For the purpose of this exercise, I’m talking about strategic communication in terms of stakeholder engagement that affects your organization’s ability to survive and thrive.

I’m not talking about media relations, I’m not talking about broad public engagement.  I’m talking about focusing on those stakeholders who have some kind of really important effect on your organization and its ability to exist and continue to operate.

The AIDA Model

The lens I would like to look at this through, is AIDA, which is an acronym that stands for Attention, Interest, Desire, and Action.

If you think about this being a funnel, at the very widest, open part of the funnel is Attention.  You have to get somebody’s attention.

Once you’ve gotten their attention, you have to create Interest in what it is you’re doing, what your organization has to offer, whether it’s a product or a service.

Then you have to move them from Interest to Desire.  You want them to, in the case of sales marketing, buy your product or purchase your service.  In the case of the Marine Corps, you probably need to attract recruits, and there are other things that the Corps depends on, as well.

Finally, once you have that Attention leading to Interest leading to Desire, you want them to take Action.

Personal Influence

Evening Parade
Photo By: Cpl. Samantha K. Draughon

In the case of the Evening Parade, there are three groups of people who are there participating:  You have the Congressional members, you have coaches, and you have members of the public.  All three of those are important for the future of the Marine Corps.

For the Congressional members:  What does the Marine Corps, like every other government organization, rely on from Congress?  One of the main things is funding.  So, that night we had the House Majority Leader and three other members of Congress.  Through that evening’s experience, they come away with a better understanding of the Marine Corps.  They certainly have a positive impression of the professionalism, discipline, and polish of the Marines.  That probably leads them to be predisposed to thinking positively about and supporting the Marines when they put in their funding request.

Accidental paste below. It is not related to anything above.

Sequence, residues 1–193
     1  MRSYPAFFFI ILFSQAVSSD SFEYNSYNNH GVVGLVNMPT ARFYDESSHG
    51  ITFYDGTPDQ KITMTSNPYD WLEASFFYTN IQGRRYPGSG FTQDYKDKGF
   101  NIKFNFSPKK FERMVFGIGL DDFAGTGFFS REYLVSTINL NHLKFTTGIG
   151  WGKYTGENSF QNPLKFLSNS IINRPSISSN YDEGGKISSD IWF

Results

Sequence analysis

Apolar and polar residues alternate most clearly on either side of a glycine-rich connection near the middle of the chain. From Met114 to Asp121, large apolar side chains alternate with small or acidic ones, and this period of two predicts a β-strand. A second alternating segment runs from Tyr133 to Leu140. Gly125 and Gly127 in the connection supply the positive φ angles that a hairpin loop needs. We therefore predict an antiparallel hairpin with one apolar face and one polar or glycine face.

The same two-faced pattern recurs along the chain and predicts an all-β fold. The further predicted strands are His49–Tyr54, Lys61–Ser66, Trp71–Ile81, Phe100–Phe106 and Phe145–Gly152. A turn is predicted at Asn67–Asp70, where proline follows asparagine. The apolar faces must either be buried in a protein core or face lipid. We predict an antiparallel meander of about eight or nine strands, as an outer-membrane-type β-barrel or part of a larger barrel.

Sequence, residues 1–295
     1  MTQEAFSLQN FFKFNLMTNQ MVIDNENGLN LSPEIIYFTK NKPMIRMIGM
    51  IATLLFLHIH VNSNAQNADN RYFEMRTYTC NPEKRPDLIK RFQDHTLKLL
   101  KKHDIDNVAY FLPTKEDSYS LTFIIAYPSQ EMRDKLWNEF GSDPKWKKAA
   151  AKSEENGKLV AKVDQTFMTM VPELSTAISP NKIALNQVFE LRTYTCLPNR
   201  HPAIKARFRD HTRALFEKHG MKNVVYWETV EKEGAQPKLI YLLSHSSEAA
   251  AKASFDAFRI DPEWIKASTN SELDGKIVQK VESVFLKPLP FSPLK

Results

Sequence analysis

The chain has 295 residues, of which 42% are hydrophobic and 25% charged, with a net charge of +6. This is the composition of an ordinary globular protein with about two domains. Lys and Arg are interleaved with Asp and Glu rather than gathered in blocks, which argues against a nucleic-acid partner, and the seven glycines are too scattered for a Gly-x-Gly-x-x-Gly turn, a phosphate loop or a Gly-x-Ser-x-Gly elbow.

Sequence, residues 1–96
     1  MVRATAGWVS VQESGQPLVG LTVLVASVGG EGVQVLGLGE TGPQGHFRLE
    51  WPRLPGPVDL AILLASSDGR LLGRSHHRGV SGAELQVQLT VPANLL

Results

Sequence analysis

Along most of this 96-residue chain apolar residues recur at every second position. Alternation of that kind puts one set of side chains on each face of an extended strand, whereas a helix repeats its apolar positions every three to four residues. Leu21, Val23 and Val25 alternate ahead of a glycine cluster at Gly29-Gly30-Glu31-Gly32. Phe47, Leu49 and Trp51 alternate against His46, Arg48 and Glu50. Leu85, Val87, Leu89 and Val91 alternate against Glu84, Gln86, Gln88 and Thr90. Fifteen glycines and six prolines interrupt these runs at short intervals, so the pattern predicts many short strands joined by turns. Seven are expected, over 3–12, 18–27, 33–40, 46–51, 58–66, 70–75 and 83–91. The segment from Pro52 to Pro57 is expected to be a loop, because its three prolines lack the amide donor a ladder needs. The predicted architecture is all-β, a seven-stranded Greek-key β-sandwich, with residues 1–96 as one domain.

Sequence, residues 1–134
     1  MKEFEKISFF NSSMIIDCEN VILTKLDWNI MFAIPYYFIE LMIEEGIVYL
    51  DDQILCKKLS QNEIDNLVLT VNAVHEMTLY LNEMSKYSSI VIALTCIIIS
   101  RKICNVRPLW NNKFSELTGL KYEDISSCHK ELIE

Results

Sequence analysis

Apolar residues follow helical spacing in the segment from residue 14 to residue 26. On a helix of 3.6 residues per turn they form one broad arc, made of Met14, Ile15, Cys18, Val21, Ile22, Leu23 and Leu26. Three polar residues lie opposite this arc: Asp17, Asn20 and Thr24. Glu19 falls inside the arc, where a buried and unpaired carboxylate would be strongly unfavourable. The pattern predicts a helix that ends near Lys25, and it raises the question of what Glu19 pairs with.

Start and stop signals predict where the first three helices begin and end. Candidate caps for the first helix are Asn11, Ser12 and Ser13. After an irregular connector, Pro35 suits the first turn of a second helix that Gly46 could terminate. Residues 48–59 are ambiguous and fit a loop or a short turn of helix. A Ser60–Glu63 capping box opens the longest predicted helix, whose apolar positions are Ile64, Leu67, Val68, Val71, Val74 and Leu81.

Same thing with the coaches.  These are NCAA coaches from a lot of different sports.  I believe that night they were Division III coaches from around the country.  Those coaches, whether they are coaching only, or they’re coaching and teaching on campus, are interacting with students and with parents.  They are in a prime position to make recommendations and suggestions for avenues that their students might follow for the rest of their careers.

Being able to recommend the United States Marine Corps helps point talented, professional, disciplined, young people to the recruiters.  That also helps the Marine Corps, because they’re always looking for qualified new enlisted and officer recruits.

Additionally, to have the parents also being exposed to the Marine Corps in this very positive setting, gives another voice to recommend the Marine Corps as a potential career path for young people.

Marine Silent Drill Team
Photo By: Cpl. Damon Mclean

If you think about what the Marine Corps is entirely dependent on, they’re dependent on recruits and funding.  Those are the two big things.

So, over the course of one summer season, you could have all of the members of the House and Senate Armed Services Committees, which play a major role in determining the funding for all the military services.

You could have most of the professional staff members that work on those funding packages.  You could have most of the members of the House and Senate Appropriations Committees for Defense also participating.

And so, if you have just the majority of them coming through over the course of a couple of years, now you’ve reminded them of who the Marine Corps is, what role they play in national security and national defense, why that investment in the Marine Corps is important.

Derek Krueger, green shirt, and his brother Austin Krueger, blue shirt, watch a Friday Evening Parade at Marine Barracks Washington June 22.

You also have touched thousands and thousands of either potential recruits or influencers of recruits, whether they’re parents or teachers or coaches.

So, those become positive voices to represent the Marine Corps when young people are trying to make a decision about what path they are going to follow in life.

If you think about this from a marketing perspective, in terms of creating influence and positive impressions, and getting these groups of people to help you with your messaging to those who are potential recruits and new members of the Marine Corps or to those who make funding decisions about the Marine Corps’ budget, the evening parade is a fantastic way to do it.